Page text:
“I want India to be unabashed and vulnerable,” Sullivan says. “Natural. She can’t have all this porn star makeup on. It won’t look right.”

These debates go on through pre-production and throughout the movie. Cooler female heads prevail (as well as various porn veterans on the set) and a compromise is struck with Summer toning down her cosmetics wattage.

The sex scene, a Terrence Malick-style affair with blowing curtains and the wind in the NorCal trees, concludes, and India and Eric step outside to sip wine in the sunset. Deeb has painted a beautiful picture. The next morning a radiant India will blithely suggest plans for the weekend but Eric will remind her that he’s seeing Kara for her birthday. Not only that, but Kara’s only turning 28.

“I think people have the idea that there is no jealousy in open relationships,” Summer says. “That there’s no jealousy in a perfect relationship. But there’s always jealousy. I think with open relationships you just acknowledge it. You don’t not talk about it.” Despite the beautiful locations, the good food, and jovial company (the cast and crew swell from eight to 30 people depending on the day, mostly San Francisco scenesters very comfortable at cuddle parties, orgies, and macrobiotic restaurants), the shoot is grueling. The first day of principal photography started at 4 a.m. with a sunrise scene by the San Francisco Ferry Terminal. It moved to an Oakland cafe, then a cold and windswept beach, and finally to Sausalito for a tabletop sex scene interrupted by beloved Bay Area sexologist Dr. Carol Queen, who plays India and Eric’s nosy landlady. India got back to her hotel at 2 a.m.

While the production admits that maintaining such a schedule is untenable and there are no more 20-hour days, a few days do come close. By the night of Meghan’s sex salon at the end of the week, the principal cast is fried. Ryan Driller sleeps on a couch (to his credit and that of his Boy Scout training, Driller can catnap through incredible ambient noise, which he does often) but India the character, who has spent the week angry and crying, and Summer the actress, who has spent the week sleep-deprived and not feeling pretty (while everyone on that 49-square-mile thumb of San Francisco might tell Summer she looks absolutely beautiful, Summer half-jokes, “Well, my standards might be a little higher”), breaks down.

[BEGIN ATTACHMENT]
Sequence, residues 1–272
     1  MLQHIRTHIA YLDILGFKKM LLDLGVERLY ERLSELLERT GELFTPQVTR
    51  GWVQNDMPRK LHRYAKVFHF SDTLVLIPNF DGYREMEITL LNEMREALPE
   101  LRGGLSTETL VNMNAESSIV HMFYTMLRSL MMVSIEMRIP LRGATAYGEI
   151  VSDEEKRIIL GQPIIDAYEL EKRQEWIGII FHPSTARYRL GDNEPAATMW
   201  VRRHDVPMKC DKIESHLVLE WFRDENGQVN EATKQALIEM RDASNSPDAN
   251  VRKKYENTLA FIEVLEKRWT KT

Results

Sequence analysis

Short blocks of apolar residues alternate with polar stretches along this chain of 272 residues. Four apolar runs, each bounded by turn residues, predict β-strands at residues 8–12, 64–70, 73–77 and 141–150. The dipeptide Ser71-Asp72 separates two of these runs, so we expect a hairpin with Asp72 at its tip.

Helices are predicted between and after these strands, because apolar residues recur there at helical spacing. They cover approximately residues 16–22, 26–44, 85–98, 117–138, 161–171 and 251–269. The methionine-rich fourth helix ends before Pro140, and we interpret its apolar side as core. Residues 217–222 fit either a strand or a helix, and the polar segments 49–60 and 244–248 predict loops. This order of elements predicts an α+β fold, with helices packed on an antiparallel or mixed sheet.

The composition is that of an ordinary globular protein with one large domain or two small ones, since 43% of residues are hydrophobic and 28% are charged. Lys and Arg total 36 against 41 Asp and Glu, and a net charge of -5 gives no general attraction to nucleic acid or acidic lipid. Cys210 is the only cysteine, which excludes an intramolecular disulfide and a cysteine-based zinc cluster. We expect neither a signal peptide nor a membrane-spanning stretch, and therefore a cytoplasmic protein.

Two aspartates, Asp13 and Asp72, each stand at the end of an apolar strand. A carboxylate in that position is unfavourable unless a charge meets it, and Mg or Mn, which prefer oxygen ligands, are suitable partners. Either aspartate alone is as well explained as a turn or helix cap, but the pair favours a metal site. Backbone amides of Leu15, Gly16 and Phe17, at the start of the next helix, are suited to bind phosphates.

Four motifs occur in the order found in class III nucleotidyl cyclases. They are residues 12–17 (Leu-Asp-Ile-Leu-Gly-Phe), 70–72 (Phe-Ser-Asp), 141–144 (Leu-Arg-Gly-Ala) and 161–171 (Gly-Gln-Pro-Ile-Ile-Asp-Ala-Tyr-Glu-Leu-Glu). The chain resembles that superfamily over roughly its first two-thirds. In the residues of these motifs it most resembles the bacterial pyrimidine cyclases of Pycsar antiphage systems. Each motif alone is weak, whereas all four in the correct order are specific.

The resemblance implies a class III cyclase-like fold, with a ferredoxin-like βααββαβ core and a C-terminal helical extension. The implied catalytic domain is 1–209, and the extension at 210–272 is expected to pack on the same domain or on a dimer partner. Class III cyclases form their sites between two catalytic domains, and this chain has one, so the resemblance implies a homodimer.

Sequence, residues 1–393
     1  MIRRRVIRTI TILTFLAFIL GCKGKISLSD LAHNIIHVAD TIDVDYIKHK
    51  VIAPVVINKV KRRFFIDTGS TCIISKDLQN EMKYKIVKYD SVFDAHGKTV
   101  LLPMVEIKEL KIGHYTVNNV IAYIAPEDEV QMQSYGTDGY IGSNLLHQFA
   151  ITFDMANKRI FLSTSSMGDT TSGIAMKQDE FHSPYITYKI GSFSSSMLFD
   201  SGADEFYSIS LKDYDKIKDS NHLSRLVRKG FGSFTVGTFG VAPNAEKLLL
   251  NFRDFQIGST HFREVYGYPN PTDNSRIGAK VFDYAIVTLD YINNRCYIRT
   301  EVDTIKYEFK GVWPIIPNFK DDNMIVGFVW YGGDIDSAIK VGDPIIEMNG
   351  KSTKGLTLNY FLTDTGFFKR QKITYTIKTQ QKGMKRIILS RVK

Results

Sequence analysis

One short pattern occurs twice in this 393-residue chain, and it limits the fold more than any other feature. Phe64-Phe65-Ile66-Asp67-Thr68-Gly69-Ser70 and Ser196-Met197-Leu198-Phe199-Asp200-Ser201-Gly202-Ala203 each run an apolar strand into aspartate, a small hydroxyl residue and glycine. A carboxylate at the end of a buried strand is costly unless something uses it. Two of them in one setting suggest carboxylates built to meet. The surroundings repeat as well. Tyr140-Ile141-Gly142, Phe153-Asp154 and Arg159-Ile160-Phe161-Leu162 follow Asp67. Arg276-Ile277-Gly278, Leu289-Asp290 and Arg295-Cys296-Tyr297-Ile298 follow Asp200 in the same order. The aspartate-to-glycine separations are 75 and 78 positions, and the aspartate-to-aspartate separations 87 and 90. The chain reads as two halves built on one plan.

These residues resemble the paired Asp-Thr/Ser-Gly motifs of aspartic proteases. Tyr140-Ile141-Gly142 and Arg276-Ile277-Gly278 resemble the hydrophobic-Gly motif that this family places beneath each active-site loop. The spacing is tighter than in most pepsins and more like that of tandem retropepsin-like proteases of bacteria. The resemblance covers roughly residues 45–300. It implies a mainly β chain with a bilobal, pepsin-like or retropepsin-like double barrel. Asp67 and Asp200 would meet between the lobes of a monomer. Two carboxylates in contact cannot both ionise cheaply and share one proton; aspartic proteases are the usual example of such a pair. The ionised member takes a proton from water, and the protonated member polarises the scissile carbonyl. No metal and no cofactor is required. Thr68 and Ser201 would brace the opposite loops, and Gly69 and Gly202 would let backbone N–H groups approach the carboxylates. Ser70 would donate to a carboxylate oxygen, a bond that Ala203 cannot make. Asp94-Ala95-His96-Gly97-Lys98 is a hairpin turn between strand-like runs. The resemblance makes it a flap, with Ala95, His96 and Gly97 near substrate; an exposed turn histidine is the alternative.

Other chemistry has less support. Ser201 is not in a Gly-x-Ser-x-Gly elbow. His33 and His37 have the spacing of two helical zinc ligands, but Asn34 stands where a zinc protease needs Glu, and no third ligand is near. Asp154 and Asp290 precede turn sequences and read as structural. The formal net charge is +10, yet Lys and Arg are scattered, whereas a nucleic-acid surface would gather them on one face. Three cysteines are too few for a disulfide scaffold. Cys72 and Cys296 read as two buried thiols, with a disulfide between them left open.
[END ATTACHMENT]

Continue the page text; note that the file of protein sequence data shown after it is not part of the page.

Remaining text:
“Let’s stop talking. Let’s shoot the movie,” she tells Deeb and the crew. Over the past few days the porn veteran in her has asserted itself. Other than cameraman Alex Ladd, Summer has the longest porn resume and knows a thing or two about shooting movies. “Let’s get us out of here.”

For a movie with such lofty ambitions to expand the way we think about relationships Marriage 2.0 has been a rollercoaster for the two Indias. Sullivan and Deeb confer with her, she daubs her eyes, her makeup is touched up, and she and Lune finish the scene, strolling through a bacchanal to witness a bathtub tryst between Beretta James and Daisy Ducati.

Principal filming ends that weekend, with pickup shots throughout the month. The movie takes a few more months to edit and is soft-launched in January to rave reviews. Those of us who watched the movie being filmed, who watched the human drama preceding the moment when the camera rolled, marvel at the achievement.

Now we’re in a dungeon in the Mission District, where India has just interrupted Kara and Eric in a threesome with bondage master Christian Wilde (not for nothing, the bondage scenes in Marriage 2.0 are way more satisfying and BDSM-community approved than the ones in 50 Shades of Grey). The character is pissed and hurt, but the performer is pretty irritated, too.

“You move here, here, and here,” Summer tells the actors. Then, to Deeb: “This doesn’t have to be as difficult as you’re making it.”

She sits down and takes a sip of water. “Relationships are hard,” she says.